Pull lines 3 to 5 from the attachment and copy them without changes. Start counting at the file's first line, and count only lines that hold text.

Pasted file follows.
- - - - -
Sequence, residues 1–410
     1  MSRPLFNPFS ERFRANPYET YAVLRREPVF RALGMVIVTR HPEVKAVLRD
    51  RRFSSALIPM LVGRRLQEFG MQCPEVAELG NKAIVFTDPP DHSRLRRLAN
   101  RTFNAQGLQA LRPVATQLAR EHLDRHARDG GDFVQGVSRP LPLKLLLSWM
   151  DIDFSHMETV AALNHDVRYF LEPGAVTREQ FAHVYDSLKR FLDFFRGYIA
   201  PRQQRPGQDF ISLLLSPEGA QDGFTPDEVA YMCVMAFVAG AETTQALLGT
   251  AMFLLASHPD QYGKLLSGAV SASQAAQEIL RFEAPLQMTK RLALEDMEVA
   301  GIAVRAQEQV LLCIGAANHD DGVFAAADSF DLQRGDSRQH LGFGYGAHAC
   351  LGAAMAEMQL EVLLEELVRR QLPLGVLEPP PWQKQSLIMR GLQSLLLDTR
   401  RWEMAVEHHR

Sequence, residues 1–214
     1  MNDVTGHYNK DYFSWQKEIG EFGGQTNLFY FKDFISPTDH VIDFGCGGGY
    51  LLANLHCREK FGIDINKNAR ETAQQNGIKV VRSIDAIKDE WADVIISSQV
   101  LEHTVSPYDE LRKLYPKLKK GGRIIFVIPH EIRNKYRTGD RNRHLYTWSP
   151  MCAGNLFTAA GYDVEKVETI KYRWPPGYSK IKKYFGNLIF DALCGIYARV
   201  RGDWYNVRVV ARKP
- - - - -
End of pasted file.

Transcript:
    51  RRFSSALIPM LVGRRLQEFG MQCPEVAELG NKAIVFTDPP DHSRLRRLAN
   101  RTFNAQGLQA LRPVATQLAR EHLDRHARDG GDFVQGVSRP LPLKLLLSWM
   151  DIDFSHMETV AALNHDVRYF LEPGAVTREQ FAHVYDSLKR FLDFFRGYIA